Now, I feel neither anger nor indifference to Steve Nash. As the 40-year old attempts to recover from yet another physical setback, I watch in fond memory of the player he once was for my favorite team. I may no longer consider him to be the "can-do-no-wrong" hero I naively thought he was when I was younger, but I now have admiration for the old man trying to prove he's more than just an overpaid, forgotten former star. As a selfish and nostalgic fan, I just hate to see Nash end his career this way, no matter the colors on his jersey.

I'm not trying to say that Suns fans who prefer to ignore Steve Nash or continue to dislike him are wrong in anyway--they're not. But as someone who owes so much of his fandom to Nash, I think I've come full circle and am hoping for him to physically recover to the point of being able to retire when he wants to, not when Father Time wants him to.

Terrible Goran Dragic Photoshop of the Week

In my quest to get Goran Dragic to file a restraining order against me commemorate Goran's stellar play this year, I've taken to making really awful photoshops of him. On a related note, I should point out that I don't really know how to use Photoshop, so when I say "awful," I've never meant it more.

This week, I'm presenting How to Train Your Dragon, co-starring Jeff Hornacek as the masterful coach who has tapped into The Dragon's immense potential, resulting in the best play of the latter's career:


I'm sorry.

Tweets of the Week

Unreal: @Suns' @Goran_Dragic has scored 20+ pts in career-long 7 straight games, averaging 26.9 pts (.627 FG%, .633 3FG%) over this stretch.

— Ben York (@bjyork) February 11, 2014

Suns President Lon Babby on the trade deadline: "We are all in agreement in the principle of, 'Don't be blinded by instant gratification.'"

— Jeramie McPeek (@Jeramie) February 11, 2014

Man I love this Suns team. Tough, fast and well coached. One of the best stories in the NBA this year.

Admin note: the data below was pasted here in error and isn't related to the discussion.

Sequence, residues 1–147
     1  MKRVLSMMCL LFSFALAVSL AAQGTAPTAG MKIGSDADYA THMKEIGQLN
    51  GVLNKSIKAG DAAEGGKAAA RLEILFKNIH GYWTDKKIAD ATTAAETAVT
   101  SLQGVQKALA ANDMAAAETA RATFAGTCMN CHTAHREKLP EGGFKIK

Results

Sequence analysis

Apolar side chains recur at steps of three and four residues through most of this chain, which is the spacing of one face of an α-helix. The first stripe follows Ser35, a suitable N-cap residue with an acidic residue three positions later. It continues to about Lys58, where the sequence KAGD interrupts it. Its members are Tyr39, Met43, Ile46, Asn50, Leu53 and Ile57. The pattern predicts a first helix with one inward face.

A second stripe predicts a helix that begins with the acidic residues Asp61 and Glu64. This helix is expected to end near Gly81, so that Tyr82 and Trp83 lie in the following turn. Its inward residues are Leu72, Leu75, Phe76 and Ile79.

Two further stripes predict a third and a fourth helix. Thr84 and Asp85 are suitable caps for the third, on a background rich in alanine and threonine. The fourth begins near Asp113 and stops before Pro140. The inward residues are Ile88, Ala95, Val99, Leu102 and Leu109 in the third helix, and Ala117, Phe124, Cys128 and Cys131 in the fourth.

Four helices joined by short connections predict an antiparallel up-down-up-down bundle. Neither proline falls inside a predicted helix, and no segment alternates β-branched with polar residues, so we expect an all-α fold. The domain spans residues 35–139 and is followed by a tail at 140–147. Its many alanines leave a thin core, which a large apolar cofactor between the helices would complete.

— Steve Kerr (@SteveKerrTNT) February 12, 2014

Goran Dragic is the first in nearly a full year to score at least 34 on as few as 13 shots...

— Matt Winer (@matt_winer) February 9, 2014

Jesus, the Suns now have a better record than the Warriors. Can Jeff Hornacek win MVP rather than Coach of the Year?

— Akis Yerocostas (@Aykis16) February 9, 2014

Goran Dragic with a career high 34 points on THIRTEEN shots. And one giant middle finger to the All-Star game.

— BrightSideoftheSun (@BrightSideSun) February 9, 2014

@MikePradaSBN @SBNationNBA ... Goran Dragic, starting guard for the East. Make it happen, people.

— Doug Eberhardt (@ebehoops) February 13, 2014

Preposterously Premature Playoff Picture

The Miami Heat played a big role in affecting the West standings this week. LeBron James dominated in Phoenix to eke out a close win over the Suns and buried the Warriors the very next night with a nasty fadeaway three-pointer. King James of the East had his way with the West.

The Mavericks have jumped over both Phoenix and Golden State to hold the 6th seed in the West heading into the All-Star break, while the Suns are 7th and Warriors are 8th. It's going to be a wild ride to the postseason, folks.

Western Standings

Oklahoma City Thunder 54 42-12 .778
San Antonio Spurs 53 38-15 .717
Houston Rockets 53 36-17 .679
Los Angeles Clippers 55 37-18 .673
Portland Trail Blazers 53 36-17 .679
Dallas Mavericks 54 32-22 .593
Phoenix Suns 51 30-21 .588
Golden State Warriors 53 31-22 .585
Memphis Grizzlies 52 29-23 .558
Minnesota Timberwolves 53 25-28 .472
Denver Nuggets 51 24-27 .471
New Orleans Pelicans 52 23-29 .442
Utah Jazz 52 19-33 .365
Los Angeles Lakers 52 18-34 .346
Sacramento Kings 53 18-35 .340


I haven't done a Solar Flares in a while so I thought I'd change it up a bit this time. Any other news you'd like to share? Any suggestions for what else you'd like me to do/include in these weekly segments (I'm open to anything!)? As always, feel free to discuss below.